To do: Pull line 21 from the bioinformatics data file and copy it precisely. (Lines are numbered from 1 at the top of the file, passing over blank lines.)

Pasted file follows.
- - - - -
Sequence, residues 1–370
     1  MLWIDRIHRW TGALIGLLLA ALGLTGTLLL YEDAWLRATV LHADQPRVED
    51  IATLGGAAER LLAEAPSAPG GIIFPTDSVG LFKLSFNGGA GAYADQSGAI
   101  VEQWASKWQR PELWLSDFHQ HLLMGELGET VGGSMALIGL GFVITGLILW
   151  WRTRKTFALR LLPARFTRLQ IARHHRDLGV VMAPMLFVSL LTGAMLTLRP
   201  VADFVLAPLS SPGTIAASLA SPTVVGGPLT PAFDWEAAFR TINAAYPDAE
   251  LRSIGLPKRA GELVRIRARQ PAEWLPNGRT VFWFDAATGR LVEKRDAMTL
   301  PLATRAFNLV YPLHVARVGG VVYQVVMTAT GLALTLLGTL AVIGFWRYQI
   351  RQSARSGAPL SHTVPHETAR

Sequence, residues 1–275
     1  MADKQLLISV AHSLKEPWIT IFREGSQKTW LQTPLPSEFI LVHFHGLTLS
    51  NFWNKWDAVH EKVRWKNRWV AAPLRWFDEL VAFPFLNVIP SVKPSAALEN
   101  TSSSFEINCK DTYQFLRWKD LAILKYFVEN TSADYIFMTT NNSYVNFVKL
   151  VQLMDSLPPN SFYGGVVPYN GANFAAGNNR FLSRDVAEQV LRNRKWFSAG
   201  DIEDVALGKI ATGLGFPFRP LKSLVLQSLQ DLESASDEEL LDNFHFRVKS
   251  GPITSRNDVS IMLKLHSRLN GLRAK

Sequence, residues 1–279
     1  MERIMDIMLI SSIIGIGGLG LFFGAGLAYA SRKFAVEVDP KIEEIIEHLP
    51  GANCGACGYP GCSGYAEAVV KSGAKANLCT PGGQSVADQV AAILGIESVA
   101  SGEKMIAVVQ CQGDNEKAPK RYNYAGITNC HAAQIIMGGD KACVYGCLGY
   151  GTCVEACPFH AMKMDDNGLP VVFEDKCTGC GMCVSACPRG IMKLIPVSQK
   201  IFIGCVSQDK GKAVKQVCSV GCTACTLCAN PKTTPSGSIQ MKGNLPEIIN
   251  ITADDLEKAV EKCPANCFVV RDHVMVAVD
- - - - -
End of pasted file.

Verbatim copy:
   151  GTCVEACPFH AMKMDDNGLP VVFEDKCTGC GMCVSACPRG IMKLIPVSQK